The next point in this section is the focus of our environment and it’s effects on our actions. Apparently, the most effective way to create habits is to pinpoint them with a time and location. These factors are non-adjustable, so we are more likely to do them in those situations. This is known as Implementation Intention and has a fairly simple premise, which is shown below. If you tell yourself you will do something at a certain time or in a certain place, then you are more likely to do it then instead of thinking about when and where to do it.


The other task that was put with this idea is called Habit Stacking. The idea of habit stacking is fairly simple. When you add a new habit to a current one, they are more likely to both become second nature. I chose these two habits because they are the most important to me right now. First, I am trying to get up earlier, and second, I am continuously forgetting important things either at home or when I leave from somewhere.


Unless you can see a final goal or benefit in your habits, it’s hard to be motivated to work towards them. The way to best motivate yourself to make a habit is to find a reward to anticipate as you work towards it. For me, I want to feel awake and refreshed when I get to school in the morning. This is where the second part of habit stacking comes in. When you link multiple new habits with current habits, you create a timeline of habits. This is my habit stack for my ideal morning. I have been working towards these habits, but I still have to keep repeating them more before they will become automatic.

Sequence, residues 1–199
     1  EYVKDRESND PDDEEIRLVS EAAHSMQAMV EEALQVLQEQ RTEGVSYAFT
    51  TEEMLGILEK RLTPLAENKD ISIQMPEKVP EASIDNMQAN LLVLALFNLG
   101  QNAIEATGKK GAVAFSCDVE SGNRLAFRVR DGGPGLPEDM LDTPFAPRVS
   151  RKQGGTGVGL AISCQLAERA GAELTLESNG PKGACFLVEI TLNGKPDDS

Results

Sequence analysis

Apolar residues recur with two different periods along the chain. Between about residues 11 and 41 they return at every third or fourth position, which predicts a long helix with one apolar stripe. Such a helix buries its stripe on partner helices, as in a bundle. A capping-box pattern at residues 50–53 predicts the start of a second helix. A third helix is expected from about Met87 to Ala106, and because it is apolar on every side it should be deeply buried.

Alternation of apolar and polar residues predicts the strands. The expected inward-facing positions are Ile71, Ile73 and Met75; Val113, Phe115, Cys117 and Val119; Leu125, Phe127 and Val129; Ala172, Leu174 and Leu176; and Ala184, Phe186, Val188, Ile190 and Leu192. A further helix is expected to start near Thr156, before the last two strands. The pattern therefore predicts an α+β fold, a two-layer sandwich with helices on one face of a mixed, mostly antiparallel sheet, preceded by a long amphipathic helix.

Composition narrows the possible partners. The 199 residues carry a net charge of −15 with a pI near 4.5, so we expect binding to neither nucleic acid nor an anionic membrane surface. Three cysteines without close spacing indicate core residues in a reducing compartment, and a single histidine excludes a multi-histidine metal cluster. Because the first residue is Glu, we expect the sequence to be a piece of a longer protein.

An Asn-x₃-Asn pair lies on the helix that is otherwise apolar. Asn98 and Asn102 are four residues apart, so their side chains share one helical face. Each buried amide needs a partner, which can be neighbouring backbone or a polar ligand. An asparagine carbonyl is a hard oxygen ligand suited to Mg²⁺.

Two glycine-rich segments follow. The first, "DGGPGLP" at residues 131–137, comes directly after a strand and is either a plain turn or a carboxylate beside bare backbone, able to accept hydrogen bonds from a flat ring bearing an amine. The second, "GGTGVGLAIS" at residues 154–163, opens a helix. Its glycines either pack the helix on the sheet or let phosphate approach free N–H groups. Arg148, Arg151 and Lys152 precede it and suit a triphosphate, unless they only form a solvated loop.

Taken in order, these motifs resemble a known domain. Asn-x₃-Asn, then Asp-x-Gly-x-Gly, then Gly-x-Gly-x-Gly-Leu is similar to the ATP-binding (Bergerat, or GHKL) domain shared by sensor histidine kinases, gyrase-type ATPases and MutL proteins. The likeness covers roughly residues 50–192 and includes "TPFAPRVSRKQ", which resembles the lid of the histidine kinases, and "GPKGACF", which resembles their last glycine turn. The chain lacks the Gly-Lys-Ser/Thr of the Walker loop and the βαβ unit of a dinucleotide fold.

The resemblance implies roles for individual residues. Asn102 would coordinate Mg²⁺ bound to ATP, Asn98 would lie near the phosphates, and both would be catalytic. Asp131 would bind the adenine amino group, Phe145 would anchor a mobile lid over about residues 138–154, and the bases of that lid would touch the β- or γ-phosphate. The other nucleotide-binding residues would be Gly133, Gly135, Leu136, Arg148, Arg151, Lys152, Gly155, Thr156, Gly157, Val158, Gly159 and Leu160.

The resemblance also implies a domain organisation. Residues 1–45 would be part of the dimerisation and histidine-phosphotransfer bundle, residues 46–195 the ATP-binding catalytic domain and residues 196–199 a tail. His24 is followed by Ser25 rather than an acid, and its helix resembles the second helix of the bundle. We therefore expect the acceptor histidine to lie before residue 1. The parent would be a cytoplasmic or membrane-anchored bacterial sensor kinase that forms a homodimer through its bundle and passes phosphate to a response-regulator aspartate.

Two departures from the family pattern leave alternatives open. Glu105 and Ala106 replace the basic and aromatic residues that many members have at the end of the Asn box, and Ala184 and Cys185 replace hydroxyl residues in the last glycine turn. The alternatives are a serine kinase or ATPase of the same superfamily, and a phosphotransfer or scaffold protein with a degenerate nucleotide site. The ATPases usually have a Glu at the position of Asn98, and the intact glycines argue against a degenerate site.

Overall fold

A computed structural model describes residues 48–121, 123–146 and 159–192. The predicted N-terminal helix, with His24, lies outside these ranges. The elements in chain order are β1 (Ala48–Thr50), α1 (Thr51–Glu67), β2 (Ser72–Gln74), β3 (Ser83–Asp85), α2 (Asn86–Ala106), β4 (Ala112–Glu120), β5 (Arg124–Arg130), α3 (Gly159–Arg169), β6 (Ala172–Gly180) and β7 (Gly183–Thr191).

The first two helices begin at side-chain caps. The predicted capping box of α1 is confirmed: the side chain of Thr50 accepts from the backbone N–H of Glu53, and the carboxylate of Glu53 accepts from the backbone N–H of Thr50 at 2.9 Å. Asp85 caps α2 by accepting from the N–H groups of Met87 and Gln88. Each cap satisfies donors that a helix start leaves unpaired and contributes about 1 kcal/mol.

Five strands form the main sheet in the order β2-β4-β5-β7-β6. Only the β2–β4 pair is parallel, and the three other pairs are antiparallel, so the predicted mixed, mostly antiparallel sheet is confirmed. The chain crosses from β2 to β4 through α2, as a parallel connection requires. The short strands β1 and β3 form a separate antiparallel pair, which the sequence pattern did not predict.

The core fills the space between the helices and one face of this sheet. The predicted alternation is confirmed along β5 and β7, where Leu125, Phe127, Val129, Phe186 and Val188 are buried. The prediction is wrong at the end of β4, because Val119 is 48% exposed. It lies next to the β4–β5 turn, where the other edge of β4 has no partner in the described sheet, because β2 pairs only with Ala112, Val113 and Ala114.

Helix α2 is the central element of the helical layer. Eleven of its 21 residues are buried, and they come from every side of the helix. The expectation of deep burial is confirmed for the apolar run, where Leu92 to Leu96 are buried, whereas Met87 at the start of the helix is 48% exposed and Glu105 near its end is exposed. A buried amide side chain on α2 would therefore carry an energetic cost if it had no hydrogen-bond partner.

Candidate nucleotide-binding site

One of the points that James Clear made in this section was that our behaviours are all primarily motivated by other’s approval. However, I disagree with that. I feel that I am much less likely to complete a task or habit that I’ve set if I share it with others in need of their approval of it. I am much more independent and self-motivated than I am with other people. If someone else tells me to do something I’ve already been trying to make a habit, I am much less likely to follow through with it.

Law III: Make it EASY